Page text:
Heejn Lim v. Helio, LLC, 2012 WL 359304 (C.D. Cal. Feb. 2, 2012).

In this action, a District Court in California held that under the “preponderance of evidence” standard, it cannot require a stronger showing which would require a defendant to concede liability.

The plaintiff, Heejin Lim, filed this action in state court against the defendants Helio, LLC, Virgin Mobile USA, L.P., Virgin Mobile USA, Inc., and Helio, Inc., asserting individual and class claims on behalf of all residents of the United States who paid refundable deposits to Helio/Virgin Mobile who did not receive a refund of those deposits. Although several thousand customers nationwide were alleged to comprise the class, an amount in controversy was not pleaded. 

The defendants removed this action to federal court under CAFA, 28 U.S.C. § 1332(d).  

In support of the Notice of Removal, the defendants attached the declaration of Stephen F. Bunker declaring that more than $5 million in deposits were collected in connection with the Helio prepaid wireless service during the class period.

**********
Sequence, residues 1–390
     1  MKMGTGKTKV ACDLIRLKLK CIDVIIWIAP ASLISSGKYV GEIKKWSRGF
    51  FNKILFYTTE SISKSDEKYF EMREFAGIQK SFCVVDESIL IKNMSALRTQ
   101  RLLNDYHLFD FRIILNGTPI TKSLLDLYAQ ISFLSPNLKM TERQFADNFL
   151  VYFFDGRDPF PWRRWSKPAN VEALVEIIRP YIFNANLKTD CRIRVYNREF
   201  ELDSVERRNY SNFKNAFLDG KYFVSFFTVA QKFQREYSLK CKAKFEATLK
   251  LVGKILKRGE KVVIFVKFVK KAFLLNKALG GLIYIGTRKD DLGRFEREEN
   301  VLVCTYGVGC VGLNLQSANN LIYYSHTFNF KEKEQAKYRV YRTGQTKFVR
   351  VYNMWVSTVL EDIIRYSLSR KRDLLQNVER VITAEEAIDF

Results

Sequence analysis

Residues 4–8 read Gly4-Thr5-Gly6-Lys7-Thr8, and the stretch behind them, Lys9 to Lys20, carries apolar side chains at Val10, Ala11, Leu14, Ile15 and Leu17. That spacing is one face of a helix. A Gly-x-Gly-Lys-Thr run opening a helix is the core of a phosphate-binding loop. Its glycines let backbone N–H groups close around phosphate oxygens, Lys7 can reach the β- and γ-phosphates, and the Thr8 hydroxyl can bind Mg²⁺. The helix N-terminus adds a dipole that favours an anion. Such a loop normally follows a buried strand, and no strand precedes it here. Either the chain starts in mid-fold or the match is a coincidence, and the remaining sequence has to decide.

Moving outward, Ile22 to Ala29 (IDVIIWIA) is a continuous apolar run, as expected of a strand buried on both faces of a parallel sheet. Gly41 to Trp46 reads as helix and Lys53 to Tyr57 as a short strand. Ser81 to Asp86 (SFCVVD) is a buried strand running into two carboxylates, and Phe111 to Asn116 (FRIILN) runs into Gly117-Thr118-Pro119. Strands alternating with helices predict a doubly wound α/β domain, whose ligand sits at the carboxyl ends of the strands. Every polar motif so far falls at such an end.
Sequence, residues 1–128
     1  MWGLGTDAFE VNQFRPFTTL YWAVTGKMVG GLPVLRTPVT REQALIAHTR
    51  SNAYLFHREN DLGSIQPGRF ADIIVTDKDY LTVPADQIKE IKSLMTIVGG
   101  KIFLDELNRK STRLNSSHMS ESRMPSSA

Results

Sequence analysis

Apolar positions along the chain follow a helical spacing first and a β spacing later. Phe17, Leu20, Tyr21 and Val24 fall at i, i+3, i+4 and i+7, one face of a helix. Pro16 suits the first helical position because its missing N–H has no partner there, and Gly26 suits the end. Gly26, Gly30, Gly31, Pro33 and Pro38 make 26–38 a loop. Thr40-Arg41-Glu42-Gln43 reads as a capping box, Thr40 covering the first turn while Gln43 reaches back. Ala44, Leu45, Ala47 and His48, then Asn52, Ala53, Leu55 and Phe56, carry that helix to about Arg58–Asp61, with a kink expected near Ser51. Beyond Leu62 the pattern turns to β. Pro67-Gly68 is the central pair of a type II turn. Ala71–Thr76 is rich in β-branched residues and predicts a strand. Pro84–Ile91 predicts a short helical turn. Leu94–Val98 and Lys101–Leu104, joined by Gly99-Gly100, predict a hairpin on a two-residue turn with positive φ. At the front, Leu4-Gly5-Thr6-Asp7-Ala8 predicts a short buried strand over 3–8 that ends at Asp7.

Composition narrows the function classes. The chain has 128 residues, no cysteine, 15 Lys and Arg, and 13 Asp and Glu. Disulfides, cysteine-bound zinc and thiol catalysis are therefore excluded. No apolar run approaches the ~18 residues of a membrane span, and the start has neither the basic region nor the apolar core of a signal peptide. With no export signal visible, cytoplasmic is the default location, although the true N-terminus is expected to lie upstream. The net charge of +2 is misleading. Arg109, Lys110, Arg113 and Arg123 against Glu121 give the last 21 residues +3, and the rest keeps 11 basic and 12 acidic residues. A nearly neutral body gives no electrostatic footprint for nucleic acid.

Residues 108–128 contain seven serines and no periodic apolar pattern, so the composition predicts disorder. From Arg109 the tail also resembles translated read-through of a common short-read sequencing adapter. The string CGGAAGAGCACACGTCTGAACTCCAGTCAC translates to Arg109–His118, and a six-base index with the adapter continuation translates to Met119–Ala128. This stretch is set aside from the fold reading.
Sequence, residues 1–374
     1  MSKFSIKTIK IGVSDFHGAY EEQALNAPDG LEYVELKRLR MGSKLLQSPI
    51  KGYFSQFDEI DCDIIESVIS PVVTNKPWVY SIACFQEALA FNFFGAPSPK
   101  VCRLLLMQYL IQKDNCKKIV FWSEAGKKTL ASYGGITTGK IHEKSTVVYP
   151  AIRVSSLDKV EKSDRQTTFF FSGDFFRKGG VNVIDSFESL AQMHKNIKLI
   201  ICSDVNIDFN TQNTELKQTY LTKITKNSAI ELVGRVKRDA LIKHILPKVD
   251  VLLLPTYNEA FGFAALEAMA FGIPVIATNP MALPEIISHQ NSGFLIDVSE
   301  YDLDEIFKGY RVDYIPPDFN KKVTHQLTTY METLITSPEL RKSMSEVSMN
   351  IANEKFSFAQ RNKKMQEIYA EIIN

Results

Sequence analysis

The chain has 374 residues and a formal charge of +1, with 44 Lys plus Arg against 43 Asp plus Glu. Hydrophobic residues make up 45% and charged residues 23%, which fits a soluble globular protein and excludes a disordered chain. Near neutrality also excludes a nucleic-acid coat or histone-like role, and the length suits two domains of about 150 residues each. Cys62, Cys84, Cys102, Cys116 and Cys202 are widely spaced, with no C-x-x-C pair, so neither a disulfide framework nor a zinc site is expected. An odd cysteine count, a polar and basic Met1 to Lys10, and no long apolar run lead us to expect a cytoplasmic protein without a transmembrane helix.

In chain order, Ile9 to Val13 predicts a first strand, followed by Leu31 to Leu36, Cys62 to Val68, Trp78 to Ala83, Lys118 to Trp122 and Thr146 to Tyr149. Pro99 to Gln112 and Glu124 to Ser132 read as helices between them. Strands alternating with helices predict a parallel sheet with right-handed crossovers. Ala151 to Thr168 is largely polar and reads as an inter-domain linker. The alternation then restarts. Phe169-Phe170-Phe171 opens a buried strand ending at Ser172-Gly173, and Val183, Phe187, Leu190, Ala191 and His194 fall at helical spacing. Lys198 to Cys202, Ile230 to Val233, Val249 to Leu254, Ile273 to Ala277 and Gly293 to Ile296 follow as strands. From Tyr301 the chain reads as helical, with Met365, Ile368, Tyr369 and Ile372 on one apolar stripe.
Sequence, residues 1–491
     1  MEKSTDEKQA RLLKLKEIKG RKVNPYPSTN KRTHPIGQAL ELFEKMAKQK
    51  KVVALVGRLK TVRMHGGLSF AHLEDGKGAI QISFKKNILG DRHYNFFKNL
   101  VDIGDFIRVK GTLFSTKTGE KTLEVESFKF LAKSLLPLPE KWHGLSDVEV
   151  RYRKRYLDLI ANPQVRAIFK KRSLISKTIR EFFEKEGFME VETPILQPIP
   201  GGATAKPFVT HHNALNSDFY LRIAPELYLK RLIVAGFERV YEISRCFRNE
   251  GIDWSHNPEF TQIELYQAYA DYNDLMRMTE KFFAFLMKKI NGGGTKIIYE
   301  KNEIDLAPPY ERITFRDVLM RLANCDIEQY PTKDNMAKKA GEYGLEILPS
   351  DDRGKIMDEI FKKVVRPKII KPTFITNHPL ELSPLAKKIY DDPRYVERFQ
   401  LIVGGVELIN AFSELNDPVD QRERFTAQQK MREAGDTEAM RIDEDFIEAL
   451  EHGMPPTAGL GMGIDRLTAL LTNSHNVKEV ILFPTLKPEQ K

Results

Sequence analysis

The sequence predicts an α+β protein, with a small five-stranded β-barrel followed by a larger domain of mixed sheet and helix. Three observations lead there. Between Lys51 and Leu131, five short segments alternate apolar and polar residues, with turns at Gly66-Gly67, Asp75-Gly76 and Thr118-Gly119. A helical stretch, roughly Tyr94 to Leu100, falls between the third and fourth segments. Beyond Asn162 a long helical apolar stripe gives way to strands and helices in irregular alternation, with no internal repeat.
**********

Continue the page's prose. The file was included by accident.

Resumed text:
The plaintiff challenged federal jurisdiction under CAFA, arguing that because the Complaint challenged only those “deposits that were wrongfully withheld and not the total amount that was collected when accounts were opened,” evidence that the defendants collected deposits in excess of $5 million alone was insufficient to satisfy the jurisdictional threshold.  

The District Court denied the plaintiff’s motion to remand.

The Court, relying upon the ratio in Lewis v. Verizon Commc’ns, Inc., 627 F.3d 395, 397 (9th Cir.2010), noted that where, as here, “the complaint does not contain any specific amount of damages sought, the party seeking removal under diversity bears the burden of showing, by a preponderance of the evidence, that the amount in controversy exceeds the statutory amount.” Under preponderance of the evidence standard, the ultimate inquiry is what amount is put ‘in controversy’ by the plaintiff’s complaint or other papers, not what the defendant will actually owe for the actual number of violations that occurred, if any. (Editors’ Note: see CAFA Law Blog analysis of Lewis posted on September 21, 2010.)